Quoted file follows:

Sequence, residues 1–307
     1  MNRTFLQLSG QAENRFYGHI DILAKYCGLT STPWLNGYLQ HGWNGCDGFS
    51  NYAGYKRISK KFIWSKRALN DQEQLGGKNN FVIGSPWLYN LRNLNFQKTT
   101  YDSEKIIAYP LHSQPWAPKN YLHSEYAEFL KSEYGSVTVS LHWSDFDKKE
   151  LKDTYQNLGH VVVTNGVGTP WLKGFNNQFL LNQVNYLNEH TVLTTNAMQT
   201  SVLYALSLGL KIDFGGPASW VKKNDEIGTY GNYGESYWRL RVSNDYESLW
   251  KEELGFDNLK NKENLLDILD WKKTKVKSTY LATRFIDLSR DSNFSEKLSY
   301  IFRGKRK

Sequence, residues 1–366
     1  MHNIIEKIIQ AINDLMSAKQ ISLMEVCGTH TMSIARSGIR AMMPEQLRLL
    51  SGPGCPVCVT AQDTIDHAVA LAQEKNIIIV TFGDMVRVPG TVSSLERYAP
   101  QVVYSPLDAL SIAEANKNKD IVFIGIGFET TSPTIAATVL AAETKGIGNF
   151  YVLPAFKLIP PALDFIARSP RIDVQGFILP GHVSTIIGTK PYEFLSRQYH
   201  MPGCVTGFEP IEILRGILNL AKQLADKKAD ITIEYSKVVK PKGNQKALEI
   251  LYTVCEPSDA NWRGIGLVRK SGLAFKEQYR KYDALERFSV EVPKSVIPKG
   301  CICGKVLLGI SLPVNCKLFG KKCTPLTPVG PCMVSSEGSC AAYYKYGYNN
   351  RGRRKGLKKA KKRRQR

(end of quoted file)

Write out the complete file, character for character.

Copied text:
Sequence, residues 1–307
     1  MNRTFLQLSG QAENRFYGHI DILAKYCGLT STPWLNGYLQ HGWNGCDGFS
    51  NYAGYKRISK KFIWSKRALN DQEQLGGKNN FVIGSPWLYN LRNLNFQKTT
   101  YDSEKIIAYP LHSQPWAPKN YLHSEYAEFL KSEYGSVTVS LHWSDFDKKE
   151  LKDTYQNLGH VVVTNGVGTP WLKGFNNQFL LNQVNYLNEH TVLTTNAMQT
   201  SVLYALSLGL KIDFGGPASW VKKNDEIGTY GNYGESYWRL RVSNDYESLW
   251  KEELGFDNLK NKENLLDILD WKKTKVKSTY LATRFIDLSR DSNFSEKLSY
   301  IFRGKRK

Sequence, residues 1–366
     1  MHNIIEKIIQ AINDLMSAKQ ISLMEVCGTH TMSIARSGIR AMMPEQLRLL
    51  SGPGCPVCVT AQDTIDHAVA LAQEKNIIIV TFGDMVRVPG TVSSLERYAP
   101  QVVYSPLDAL SIAEANKNKD IVFIGIGFET TSPTIAATVL AAETKGIGNF
   151  YVLPAFKLIP PALDFIARSP RIDVQGFILP GHVSTIIGTK PYEFLSRQYH
   201  MPGCVTGFEP IEILRGILNL AKQLADKKAD ITIEYSKVVK PKGNQKALEI
   251  LYTVCEPSDA NWRGIGLVRK SGLAFKEQYR KYDALERFSV EVPKSVIPKG
   301  CICGKVLLGI SLPVNCKLFG KKCTPLTPVG PCMVSSEGSC AAYYKYGYNN
   351  RGRRKGLKKA KKRRQR